Dreams are among the most personal and mysterious human experiences. They’re also one of the most ephemeral. Memories of our dreams are often incomplete and fleeting. You may wake from sleep with sharp and vivid recollections of a dream and strong residual emotions, only to lose those memories quickly, often within just a few minutes. Much of the experience of dreaming goes unremembered and unrecorded, seemingly beyond our grasp.
It’s fascinating to learn about dreaming, to discover patterns and themes that appear in dreams across cultures and ages, and to speculate about the purpose of dreams in our lives. Have you ever wondered how scientists actually go about studying dreams? It’s a challenging endeavor, one that has evolved over many generations of scientific inquiry. Today, our ability to collect and interpret scientific information about dreams is growing in exciting directions, as technology opens up new opportunities to observe the dreaming brain.
We can think about the scientific study of dreams in different ways. One approach to dream investigation involves the study of dream content—the themes, emotions, images, and events that occur and unfold within dreams themselves. Another aspect of dream research looks at the activity of the brain and body while dreaming occurs. These two broad avenues often intersect overlap, with scientific inquiries that examine both dream content and dream mechanics. Some of the latest and most illuminating advances in dream research do just that. Both ways of investigating dreams can shed light on the nature and purpose behind our very complicated and compelling ability to dream.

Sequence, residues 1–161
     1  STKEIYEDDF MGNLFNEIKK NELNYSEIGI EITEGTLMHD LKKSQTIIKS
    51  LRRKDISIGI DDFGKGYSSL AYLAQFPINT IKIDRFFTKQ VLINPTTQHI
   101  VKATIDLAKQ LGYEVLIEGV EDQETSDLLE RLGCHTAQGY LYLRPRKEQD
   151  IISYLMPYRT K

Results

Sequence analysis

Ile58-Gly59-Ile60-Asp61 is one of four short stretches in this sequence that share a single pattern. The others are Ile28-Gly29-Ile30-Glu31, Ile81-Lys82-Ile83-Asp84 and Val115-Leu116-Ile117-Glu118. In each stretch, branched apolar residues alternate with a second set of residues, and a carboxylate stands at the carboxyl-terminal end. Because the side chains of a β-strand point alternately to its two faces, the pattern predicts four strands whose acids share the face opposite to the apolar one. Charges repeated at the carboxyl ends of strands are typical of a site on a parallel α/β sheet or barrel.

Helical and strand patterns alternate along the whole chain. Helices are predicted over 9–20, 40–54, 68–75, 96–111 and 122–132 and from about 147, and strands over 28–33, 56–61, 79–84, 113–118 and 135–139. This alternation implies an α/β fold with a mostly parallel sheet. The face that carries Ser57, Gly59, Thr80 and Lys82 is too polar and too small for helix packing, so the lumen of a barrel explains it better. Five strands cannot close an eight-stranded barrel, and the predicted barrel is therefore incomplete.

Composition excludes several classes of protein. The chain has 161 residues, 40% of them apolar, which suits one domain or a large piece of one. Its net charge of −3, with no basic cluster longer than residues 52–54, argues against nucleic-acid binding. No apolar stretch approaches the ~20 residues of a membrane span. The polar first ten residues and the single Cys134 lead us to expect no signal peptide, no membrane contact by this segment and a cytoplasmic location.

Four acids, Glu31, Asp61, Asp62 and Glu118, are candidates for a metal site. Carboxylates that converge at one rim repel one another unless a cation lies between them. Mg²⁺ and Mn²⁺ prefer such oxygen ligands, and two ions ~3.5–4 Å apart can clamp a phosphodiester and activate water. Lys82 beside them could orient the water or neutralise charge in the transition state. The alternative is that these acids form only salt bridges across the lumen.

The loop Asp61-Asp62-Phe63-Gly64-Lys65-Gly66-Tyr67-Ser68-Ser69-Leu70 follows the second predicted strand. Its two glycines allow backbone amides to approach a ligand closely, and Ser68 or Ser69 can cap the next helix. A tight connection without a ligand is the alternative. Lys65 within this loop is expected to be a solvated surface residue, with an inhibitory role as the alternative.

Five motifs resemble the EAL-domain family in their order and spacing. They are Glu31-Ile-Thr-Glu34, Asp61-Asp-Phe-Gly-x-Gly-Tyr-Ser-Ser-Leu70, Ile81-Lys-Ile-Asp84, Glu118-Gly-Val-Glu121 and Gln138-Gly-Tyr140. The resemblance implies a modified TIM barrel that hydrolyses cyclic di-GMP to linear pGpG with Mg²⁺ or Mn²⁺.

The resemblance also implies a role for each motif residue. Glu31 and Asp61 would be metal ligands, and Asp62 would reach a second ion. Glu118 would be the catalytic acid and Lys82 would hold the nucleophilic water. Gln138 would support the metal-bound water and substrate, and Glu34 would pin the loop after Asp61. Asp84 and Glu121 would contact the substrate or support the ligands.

Throughout human history, people have sought to analyze, interpret, and decode dreams. Ancient cultures often regarded dreams as mystical and divine communications, and dream interpreters were relied upon as sage practitioners and translators of the meanings and messages of dreams. Classical scholars including Plato and Aristotle developed a framework for interpreting dreams as expressions of unconscious desires. The 19th an 20th century studies of psychoanalysis delved deeply into dream interpretation, building in different ways on the idea that dreams were a terrain in which to grapple with unfulfilled and unconscious drives. Scientists in the 20th century implemented new and rigorous scientific standards to the study of dreams, analyzing dream content in carefully designed and controlled experiments using statistical and empirical methods. Across this vast span of historical inquiry, there’s something that all of these approaches have in common: the dream report. A great majority of scientific inquiry into dreaming has relied upon gathering details about dreams from dreamers themselves. Dream reports and dream journals have been collected in countless numbers, and have formed the basis for groundbreaking and important discoveries about dreams.
This method of using dream reports and dream journals as a basis for scientific investigation is still actively in use today. Dream reports are collected in sleep laboratories under controlled conditions, often waking sleepers at specific intervals in order to retrieve dream information. Among other things, this method of studying dreams has allowed scientists to make associations between characteristics of dreams and certain phases of sleep—both REM sleep and non-REM sleep—and to link dreaming experiences with specific neurological activity. Scientists also use dream reports that have been created by people sleeping at home, in their natural sleep settings.